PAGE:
The more in control and secure you feel, the more independent of God you will feel. Now, technically speaking, you need God to do everything for you (SEE: Maintaining heartbeat, protecting children, breathing in and out, etc.). However, the more you utilize our worry services, the more independent from God you will feel. Rather than resting in the sovereign control of God, you can fret and worry your way to independence! Surely someone as wise as you can see the value in this! Let us be the number one supplier for all your artificial independence needs.

The last decade has been a banner year for us! Thanks to the ongoing economic recession, the burst of the housing bubble, and various ?natural disasters, we added millions of subscribers. We’re hoping you will continue to be one of our valued subscribers.

Here’s to another great year!

Sincerely,

Worry Incorporated

Three Words Which Absolutely Destroy Worry

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Worry is the act of imagining a future without God.

When you strip it down to its bones that’s what it really is. I worry when I imagine a future devoid of God. I worry when I project my current feelings and discouragements and struggles into the future. I worry when I take God’s love and faithfulness out of the equation. When I imagine a stark and bleak future, a screaming void in which my faithful and loving Father does not exist or act on my behalf. Underneath all the anxiety and fear and confusing emotions worry is actually a form of atheism. It’s acting as if God does not exist.

Psalm 18:46 provides three words which destroy worry and fuel faith: “The Lord lives…”

Don’t pass over those words too quickly. The. Lord. Lives.

My budget is flatlining and we are financially tanking and I don’t see hope for the future! But the Lord lives. The same Lord who owns everything and provides for ravens and sustains galaxies and calls us his children is real and alive and active in your life. You can’t provide for yourself but your budget is not too tight for God. The Lord lives.

Worry is the act of imagining a future without God.

My child is not doing well spiritually and I’ve tried everything and I don’t have any hope that anything will change! The Lord lives. The same Lord who has saved murderers and prostitutes and Pharisees and drug addicts and money addicts and pastors kids is real and alive and active in your life. You can’t save your child but your kid is not too hard for God. The Lord lives.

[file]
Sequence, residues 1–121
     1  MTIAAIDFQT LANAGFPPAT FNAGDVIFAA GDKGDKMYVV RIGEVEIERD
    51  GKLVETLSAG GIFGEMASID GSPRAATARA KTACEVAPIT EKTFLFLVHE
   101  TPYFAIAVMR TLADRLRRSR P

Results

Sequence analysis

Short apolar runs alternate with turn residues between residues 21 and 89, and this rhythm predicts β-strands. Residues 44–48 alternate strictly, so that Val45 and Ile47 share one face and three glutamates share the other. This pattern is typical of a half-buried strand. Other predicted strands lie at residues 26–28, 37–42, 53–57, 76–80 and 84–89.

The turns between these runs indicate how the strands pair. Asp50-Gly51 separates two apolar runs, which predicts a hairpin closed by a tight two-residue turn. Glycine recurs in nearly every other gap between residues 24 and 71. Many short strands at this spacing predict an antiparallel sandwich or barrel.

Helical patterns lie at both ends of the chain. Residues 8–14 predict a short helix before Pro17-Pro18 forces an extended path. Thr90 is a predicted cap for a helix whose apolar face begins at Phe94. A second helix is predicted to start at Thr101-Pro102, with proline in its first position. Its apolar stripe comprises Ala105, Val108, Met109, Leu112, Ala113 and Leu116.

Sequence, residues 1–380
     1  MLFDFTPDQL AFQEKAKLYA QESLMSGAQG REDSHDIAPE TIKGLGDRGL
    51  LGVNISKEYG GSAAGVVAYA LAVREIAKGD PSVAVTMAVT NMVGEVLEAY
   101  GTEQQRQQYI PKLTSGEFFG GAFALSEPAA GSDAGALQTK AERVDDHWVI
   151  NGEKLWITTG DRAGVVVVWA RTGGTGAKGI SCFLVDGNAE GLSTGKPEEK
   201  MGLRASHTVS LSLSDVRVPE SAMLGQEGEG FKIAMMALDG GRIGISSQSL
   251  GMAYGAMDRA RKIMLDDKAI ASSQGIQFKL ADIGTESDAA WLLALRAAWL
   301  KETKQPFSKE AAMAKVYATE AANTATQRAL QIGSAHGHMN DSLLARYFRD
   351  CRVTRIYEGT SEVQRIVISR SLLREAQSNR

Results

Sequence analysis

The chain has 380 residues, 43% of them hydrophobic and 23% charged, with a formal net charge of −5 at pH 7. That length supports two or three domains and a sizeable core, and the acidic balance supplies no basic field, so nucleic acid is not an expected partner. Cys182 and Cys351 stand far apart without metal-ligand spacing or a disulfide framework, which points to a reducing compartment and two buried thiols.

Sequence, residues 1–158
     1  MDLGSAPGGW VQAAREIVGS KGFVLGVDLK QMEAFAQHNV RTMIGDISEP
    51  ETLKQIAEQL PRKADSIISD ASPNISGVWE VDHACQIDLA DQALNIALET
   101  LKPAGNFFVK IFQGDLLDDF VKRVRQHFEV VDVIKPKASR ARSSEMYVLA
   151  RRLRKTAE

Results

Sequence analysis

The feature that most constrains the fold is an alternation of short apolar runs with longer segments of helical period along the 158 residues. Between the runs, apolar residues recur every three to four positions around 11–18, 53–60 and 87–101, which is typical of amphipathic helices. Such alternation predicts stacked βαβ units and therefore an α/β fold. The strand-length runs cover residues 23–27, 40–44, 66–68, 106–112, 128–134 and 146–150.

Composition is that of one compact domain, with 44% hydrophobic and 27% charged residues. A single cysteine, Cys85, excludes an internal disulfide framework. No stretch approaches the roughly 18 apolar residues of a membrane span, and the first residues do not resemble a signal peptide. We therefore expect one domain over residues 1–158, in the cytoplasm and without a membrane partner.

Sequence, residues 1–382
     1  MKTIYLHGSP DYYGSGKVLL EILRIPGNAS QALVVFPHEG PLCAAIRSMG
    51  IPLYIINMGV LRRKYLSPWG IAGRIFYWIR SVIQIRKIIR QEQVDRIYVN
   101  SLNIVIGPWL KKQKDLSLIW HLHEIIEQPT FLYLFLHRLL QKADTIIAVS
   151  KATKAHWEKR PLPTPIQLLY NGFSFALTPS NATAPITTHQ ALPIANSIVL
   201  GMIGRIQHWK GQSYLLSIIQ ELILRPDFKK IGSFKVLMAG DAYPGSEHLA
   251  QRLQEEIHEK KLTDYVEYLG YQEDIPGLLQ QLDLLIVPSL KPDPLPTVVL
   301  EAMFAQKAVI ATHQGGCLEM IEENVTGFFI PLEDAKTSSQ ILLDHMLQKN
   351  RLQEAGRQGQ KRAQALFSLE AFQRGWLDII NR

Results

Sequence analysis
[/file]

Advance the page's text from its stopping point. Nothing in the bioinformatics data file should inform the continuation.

My marriage is on the rocks and we’ve tried counseling and we’ve read all the books and I don’t see things getting any better! The Lord lives. The same Lord who created a bride for himself out of rebellious, wicked, God-hating sinners is real and alive and active in your life. You can’t rescue your marriage but your marriage is not too hard for God. The Lord lives.

My spiritual life is dry, and I’ve tried a thousand different things to get it kickstarted, but nothing seems to work, and honestly, I don’t think things are going to get any better. The Lord lives. The same Lord who caused you to become spiritually alive is real and alive and active in your life. You can’t breathe fresh life into your heart but your heart is not too dry for God.

Your circumstances may be bleak. You may not see a light at the end of the tunnel. You may not see any silver lining. But circumstances and tunnels and silver linings are not the basis of our hope, God is.

Don’t be a functional atheist today. The Lord lives. Let’s live in light of that reality.

 

The Anxiety-Killing Power of Creation

Anxiety drains the life from your soul. It?s spiritual death by blood loss: a slow, steady drain on your vitality and passion and joy. It ends with helplessness and hopelessness. How do we fight it? How do we stop the bleeding so that our souls don?t shrivel and shrink under anxiety?s constant squeeze?

While God has given us numerous remedies for the malady of worry, there?s one we often might forget: the created world. All around us, every day of our lives, there is overflowing evidence that God rules his world and rules it well. Creation quietly and constantly reveals the power and wisdom of God. Consider the seasons: The colors of fall are an art display on a grander scale that uses a more glorious palette than any human art exhibit ? and God pulls it off year after year without a single hitch.

There are birds by the hundreds flying over our heads or in our backyards (and stealing our leftover French fries at McDonald?s). Have you ever stopped to consider that not one of them will die without God?s knowledge (Matt. 10:29)? Or watch a hawk in flight and think of God?s pointed question to Job in Job 39:26: ?Is it by your understanding that the hawk soars and spreads his wings toward the south?? Job?s answer: silence. God?s answer: ?Yes, it is by MY understanding that the hawk soars!?

Or ponder an oak tree growing in the middle of a field.? To reach mature size that oak has had to grow from a tiny acorn, pushing a taproot down into the soil and sending a single flimsy stalk and pair of leaves up towards the light. It has had to survive marauding deer, rabbits, and birds, to escape being trampled underfoot, and to absorb enough water and minerals from its tiny patch of soil to keep from starving to death. It takes at least twenty years to grow past sapling size; mature, shade-tree size oak won?t be reached into the 50-100 year mark. And there are millions of trees in God?s world, quietly proclaiming the power and wisdom of their Maker with every cell in every leaf and branch and root.